How to Write a Fight Scene
After I read this, I thought, “I need to rewrite every fight scene I’ve ever written.” After a friend read this (on my recommendation), she said, “I feel like rewriting every fight scene I’ve ever done.” Essentially the same thing. 😉 I believe you will feel the same way too. The author leads you through a fight scene step by step in the one of the more engaging voices I have read in an article.
Fight Scenes 101
An entire (small) site devoted to fight scenes. Thumbs up. The sections are titled Location, Weapons, Language, Writing, Big Odds, Big Battles, Other Types of Action, and Weapons Database, which gives you a good idea of the contents.
Does Your Fight Scene Pack a Punch?
Just an article, but it packs a punch. Pun unintended. This article focuses on two major things: how to keep your fight scenes from looking like a choreographer’s notebook (For the record, mine did.) and how to give your fight scene emotional punch. After all, readers aren’t going to worry about that broken nose if there is no emotion involved.
Pretty much every other article you’ll find parrots what is covered in these three sites. ‘Tis a pity. I could rant about regurgitation articles forever (or at least a paragraph). Instead. . . Enough experts. What do you have to say about writing fight scenes? Anything to add?
Outlines. You either hate ’em or you love ’em. Either way, today you are going to get an earful on how to outline a novel. If you are participating in Fix Your Messy Novel that Doesn’t Have a Chance Month, you might want to make a new outline for your Messy Novel of Choice. I say might, because there are cons. But I think there are more pros. Just for yourself.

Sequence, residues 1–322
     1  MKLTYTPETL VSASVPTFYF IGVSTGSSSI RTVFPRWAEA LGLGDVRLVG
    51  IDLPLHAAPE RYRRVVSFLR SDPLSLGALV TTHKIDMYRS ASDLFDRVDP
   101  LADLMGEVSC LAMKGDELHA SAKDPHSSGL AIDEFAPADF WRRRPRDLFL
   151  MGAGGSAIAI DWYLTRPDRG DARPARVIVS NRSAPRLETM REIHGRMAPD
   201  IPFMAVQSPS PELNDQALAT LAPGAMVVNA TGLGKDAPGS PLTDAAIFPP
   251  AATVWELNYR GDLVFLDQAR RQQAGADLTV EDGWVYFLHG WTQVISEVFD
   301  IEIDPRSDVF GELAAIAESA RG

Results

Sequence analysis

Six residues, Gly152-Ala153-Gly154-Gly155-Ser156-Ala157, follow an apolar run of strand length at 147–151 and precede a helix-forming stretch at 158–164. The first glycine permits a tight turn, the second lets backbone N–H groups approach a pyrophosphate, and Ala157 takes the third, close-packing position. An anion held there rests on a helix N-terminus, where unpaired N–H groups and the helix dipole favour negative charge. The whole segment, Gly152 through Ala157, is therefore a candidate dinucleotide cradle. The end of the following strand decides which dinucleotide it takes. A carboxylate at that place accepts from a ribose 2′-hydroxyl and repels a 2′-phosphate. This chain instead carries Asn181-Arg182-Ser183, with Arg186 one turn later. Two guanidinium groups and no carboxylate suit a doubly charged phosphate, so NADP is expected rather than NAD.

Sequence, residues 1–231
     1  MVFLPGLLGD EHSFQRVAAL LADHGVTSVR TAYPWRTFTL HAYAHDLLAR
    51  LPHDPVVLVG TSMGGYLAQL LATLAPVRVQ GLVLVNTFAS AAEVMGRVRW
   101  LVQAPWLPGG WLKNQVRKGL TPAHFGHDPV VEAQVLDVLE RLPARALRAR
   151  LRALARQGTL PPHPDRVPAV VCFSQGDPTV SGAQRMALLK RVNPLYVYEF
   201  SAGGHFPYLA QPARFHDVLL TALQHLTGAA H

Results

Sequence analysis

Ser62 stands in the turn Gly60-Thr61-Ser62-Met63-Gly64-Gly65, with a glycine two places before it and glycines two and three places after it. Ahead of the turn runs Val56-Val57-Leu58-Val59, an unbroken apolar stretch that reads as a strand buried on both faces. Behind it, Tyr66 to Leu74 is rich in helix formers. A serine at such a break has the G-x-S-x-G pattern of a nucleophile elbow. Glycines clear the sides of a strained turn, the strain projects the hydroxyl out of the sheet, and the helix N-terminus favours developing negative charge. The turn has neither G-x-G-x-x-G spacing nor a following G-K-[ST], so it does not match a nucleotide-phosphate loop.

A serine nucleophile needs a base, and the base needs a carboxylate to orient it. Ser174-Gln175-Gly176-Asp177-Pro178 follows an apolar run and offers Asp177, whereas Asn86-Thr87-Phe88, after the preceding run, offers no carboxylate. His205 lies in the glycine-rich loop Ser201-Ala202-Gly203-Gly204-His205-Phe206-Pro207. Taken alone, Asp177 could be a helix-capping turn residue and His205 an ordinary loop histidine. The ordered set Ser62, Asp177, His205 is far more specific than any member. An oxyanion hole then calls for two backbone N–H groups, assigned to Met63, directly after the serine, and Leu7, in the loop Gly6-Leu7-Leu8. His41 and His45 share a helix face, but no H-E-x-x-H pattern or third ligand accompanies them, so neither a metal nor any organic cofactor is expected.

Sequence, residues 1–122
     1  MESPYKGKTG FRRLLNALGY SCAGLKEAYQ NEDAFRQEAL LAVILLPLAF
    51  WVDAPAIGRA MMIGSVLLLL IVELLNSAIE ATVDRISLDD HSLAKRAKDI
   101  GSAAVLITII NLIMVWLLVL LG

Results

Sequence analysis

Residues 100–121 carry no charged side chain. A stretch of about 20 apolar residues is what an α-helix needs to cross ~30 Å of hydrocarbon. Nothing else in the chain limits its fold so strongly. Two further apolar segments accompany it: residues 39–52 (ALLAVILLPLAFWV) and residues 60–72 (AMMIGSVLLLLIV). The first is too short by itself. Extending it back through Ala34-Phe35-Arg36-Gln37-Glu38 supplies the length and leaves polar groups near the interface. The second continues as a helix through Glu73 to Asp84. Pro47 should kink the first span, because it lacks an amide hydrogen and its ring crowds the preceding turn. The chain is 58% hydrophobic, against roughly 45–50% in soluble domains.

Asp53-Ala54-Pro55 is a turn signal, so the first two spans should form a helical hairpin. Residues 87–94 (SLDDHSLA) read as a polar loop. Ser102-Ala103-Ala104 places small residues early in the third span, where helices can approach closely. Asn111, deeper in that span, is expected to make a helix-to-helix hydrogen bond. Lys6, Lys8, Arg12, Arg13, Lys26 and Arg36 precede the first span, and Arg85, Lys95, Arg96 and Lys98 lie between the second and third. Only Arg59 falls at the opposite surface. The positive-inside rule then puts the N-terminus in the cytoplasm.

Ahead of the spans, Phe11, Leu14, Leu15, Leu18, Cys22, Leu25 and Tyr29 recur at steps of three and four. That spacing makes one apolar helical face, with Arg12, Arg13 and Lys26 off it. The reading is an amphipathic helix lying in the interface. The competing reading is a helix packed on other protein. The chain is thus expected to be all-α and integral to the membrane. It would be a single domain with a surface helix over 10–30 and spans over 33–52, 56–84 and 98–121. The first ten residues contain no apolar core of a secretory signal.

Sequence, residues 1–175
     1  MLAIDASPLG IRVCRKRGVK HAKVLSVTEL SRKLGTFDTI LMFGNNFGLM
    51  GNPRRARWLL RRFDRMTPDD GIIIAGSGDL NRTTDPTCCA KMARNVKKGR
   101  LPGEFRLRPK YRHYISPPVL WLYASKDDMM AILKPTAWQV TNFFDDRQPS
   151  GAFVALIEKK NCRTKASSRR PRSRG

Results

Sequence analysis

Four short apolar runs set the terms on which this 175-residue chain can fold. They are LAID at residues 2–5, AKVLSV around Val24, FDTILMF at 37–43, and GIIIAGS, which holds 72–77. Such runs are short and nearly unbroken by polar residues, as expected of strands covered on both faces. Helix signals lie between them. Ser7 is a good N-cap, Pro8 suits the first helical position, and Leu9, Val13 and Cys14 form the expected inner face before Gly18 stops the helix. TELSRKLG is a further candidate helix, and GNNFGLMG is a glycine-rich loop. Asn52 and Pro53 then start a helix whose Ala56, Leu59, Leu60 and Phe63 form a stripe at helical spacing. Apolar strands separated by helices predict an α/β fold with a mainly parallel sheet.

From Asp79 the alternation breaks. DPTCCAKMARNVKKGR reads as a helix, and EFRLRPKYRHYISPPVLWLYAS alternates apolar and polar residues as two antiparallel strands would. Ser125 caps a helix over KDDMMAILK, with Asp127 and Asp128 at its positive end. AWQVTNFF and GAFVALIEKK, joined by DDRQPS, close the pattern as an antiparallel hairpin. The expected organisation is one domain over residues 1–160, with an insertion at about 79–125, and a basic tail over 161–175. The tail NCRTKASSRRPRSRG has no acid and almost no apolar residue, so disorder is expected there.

An outline puts all your thoughts in one place and gives you goals to work toward. By plotting out your novel beforehand, you can fix plot holes before you even start writing. Also, while organizing the ideas you have for an outline, you will make sure you have enough information and ideas to take you all the way through the novel. I find outlines incredibly useful.
You may feel restricted by an outline or that you can’t capture all your thoughts and put them on paper. Whether or not outlines are for you depends on your personality type.
I’ve compiled a list of four major outline methods, in order from least rigorous to most, for your perusal.
Some people just use a Q & A form for outlining. Many sites have a list of questions to help you develop your novel. This outline form is more of a bunch of reminder notes and inspiration than a detailed plan. Still, I find many questionnaires to be useful, especially in the early stages of development.
Site for more information:
A step-by-step guide to a question setup outline.
In most cultures all stories follow a basic, foundational structures, termed three acts. Act one shows the characters introduced, the setting created, and basic motives shown. At the end of act one is the inciting incident, the event that change everything and plunges into the actual plot. During act two, the main characters face progressively greater and riskier challenges to overcome. Act three begins with the climax, the ultimate showdown between the heroes and the villain. You fill in the blanks.
Site for more information:
The site I where first learned about the three act structure.